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Obama Administration To File Brief Urging Supreme Court To Strike Down Prop. 8


From NPR News, this is ALL THINGS CONSIDERED. I'm Audie Cornish.

Now to a developing story about a major Supreme Court case. NPR has previously reported that the Obama administration would file a Friend of The Court Brief, urging The Court to strike down a ban on same-sex marriage in California. Well, today is the deadline to file that brief but it has not yet been filed.

NPR legal affairs correspondent Nina Totenberg is here to explain what we may expect to come in the brief and why its significant. And first of all, Nina, remind us how this case came about.

NINA TOTENBERG, BYLINE: Well, in 2008 California voters narrowly approved a referendum that banned same-sex marriage. A federal district court subsequently struck down the law as unconstitutional discrimination. An appeals court later ruled it invalid on narrower grounds. And the State of California, under Republican and Democratic governors, has refused to defend the law in court, and so the sponsors of the referendum appealed to the U.S. Supreme Court. In the meantime, gay marriage has remained illegal in the state.

CORNISH: So, you reported two weeks ago that even though the administration didn't have to get involved in this case, it had decided that it should file a Friend of The Court Brief, and that it would side with same-sex marriage advocates. But that still left questions about what argument the administration would make, right?

TOTENBERG: That's right. And we still don't know for sure what argument the administration is going to make in that brief. But we know pretty much what the choices are.

CORNISH: OK, let's go for it. What are they?

TOTENBERG: So, choice number one, door number one: is a broad argument that would urge The Court to declare that gay couples have a constitutional right to marry. And if The Court agree with that, that would strike down laws banning same-sex marriage in more than 30 states.

Choice number two is to urge The Court to take a position that would invalidate the California ban but only the California ban. And that's based on the fact that California at one point legalized same-sex marriage and then took that right away.

And the third choice, number three, is a middle ground that would urge the justices to take one step at a time, leaving open the possibility that The Court would one day invalidate all state bans, but that it hasn't gotten there yet.

CORNISH: So what is this middle ground? I mean how do you do that?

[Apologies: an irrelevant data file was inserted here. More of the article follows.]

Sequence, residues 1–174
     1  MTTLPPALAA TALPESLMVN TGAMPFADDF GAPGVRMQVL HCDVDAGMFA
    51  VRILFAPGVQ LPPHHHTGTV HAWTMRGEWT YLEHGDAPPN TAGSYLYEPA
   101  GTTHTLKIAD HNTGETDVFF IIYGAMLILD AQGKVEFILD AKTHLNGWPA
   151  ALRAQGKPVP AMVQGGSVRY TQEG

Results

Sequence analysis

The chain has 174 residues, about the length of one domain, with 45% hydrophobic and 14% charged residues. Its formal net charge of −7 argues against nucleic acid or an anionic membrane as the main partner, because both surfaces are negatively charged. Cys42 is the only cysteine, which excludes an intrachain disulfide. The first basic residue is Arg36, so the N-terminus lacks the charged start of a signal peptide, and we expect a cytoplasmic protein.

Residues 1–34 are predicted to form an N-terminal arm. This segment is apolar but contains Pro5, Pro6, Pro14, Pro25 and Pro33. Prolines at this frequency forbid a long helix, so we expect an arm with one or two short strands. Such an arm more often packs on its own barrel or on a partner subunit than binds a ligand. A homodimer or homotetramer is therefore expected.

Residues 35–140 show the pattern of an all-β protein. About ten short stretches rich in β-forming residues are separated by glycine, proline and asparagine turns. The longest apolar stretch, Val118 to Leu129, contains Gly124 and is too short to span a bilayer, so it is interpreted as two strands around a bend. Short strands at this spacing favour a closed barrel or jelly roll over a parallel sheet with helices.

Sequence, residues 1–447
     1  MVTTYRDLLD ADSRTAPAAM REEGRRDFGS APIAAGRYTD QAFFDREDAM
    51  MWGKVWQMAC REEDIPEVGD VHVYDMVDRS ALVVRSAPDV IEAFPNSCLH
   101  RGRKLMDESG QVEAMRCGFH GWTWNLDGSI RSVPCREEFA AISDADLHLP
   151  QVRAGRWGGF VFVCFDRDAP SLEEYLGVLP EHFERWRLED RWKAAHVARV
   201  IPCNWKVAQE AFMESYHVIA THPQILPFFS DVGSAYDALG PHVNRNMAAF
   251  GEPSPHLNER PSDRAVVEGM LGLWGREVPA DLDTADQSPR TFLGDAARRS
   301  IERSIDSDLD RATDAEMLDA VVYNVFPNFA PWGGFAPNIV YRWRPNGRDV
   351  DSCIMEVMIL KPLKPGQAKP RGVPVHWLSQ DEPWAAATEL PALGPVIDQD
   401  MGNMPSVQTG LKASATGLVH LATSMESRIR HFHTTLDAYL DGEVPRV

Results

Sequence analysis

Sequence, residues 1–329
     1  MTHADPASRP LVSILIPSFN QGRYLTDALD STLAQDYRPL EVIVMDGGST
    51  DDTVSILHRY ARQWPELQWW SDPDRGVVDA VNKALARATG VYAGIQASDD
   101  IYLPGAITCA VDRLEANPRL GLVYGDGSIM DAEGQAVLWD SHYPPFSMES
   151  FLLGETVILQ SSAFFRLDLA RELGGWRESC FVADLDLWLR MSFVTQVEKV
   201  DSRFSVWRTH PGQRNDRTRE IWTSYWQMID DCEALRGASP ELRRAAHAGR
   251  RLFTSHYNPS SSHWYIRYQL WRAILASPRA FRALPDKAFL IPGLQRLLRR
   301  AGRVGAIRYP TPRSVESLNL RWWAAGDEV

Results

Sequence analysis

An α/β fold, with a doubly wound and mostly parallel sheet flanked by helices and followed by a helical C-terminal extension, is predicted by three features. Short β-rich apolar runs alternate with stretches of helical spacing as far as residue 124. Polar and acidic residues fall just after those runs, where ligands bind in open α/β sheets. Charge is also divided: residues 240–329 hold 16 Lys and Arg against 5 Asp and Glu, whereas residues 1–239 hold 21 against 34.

TOTENBERG: Well, California, like eight or nine other states, has a law that guarantees all the same rights to gay couples as heterosexual couples, all the same rights except marriage. And there's an argument that says, look, if you guarantee these couples everything except the right to marry, you're labeling same-sex couples as somehow inferior; you're discriminating against them for no rational reason.

After all, marriage is a civil action, performed and authorized under state law. It's not a religious action. Religions can and do ban gay marriage or marriage for people who a divorced, for example - but you get my drift. Religions can do that. States, in general, can't unless they can articulate a constitutional reason. And the argument is that there's no such reason when you're already guaranteeing gay couples every other right.

CORNISH: Now, Nina, you also reported a couple of weeks ago that the president would make this decision. Do you know if he did?

TOTENBERG: He did, or so I'm told. After all, don't forget he taught constitutional law. But I am told that he didn't make the decision until yesterday.


TOTENBERG: Which makes it sort of close for the Department of Justice.

CORNISH: So what's your best bet on what choice he made?

TOTENBERG: I think he sort of signaled a somewhat cautious approach a few days ago, in an interview when he said he had to be careful, essentially not to get too much into The Court's business - although he personally believed in the right of marriage. So my best bet is the middle ground, while at the same time, the brief is likely I think to signal that ultimately The Court may want to strike down all laws, it doesn't have to do that right away.

CORNISH: So it's sort of like having your cake and eating it too?


TOTENBERG: Exactly, but it leaves all options open. And when you're dealing here with a pretty conservative Court majority that might be the smart option, and even some gay rights advocates privately agree with that assessment.

CORNISH: NPR's legal affairs correspondent Nina Totenberg. Nina, thanks.

TOTENBERG: Thank you. Transcript provided by NPR, Copyright NPR.

Audie Cornish
Over two decades of journalism, Audie Cornish has become a recognized and trusted voice on the airwaves as co-host of NPR's flagship news program, All Things Considered.
Nina Totenberg is NPR's award-winning legal affairs correspondent. Her reports air regularly on NPR's critically acclaimed newsmagazines All Things Considered, Morning Edition, and Weekend Edition.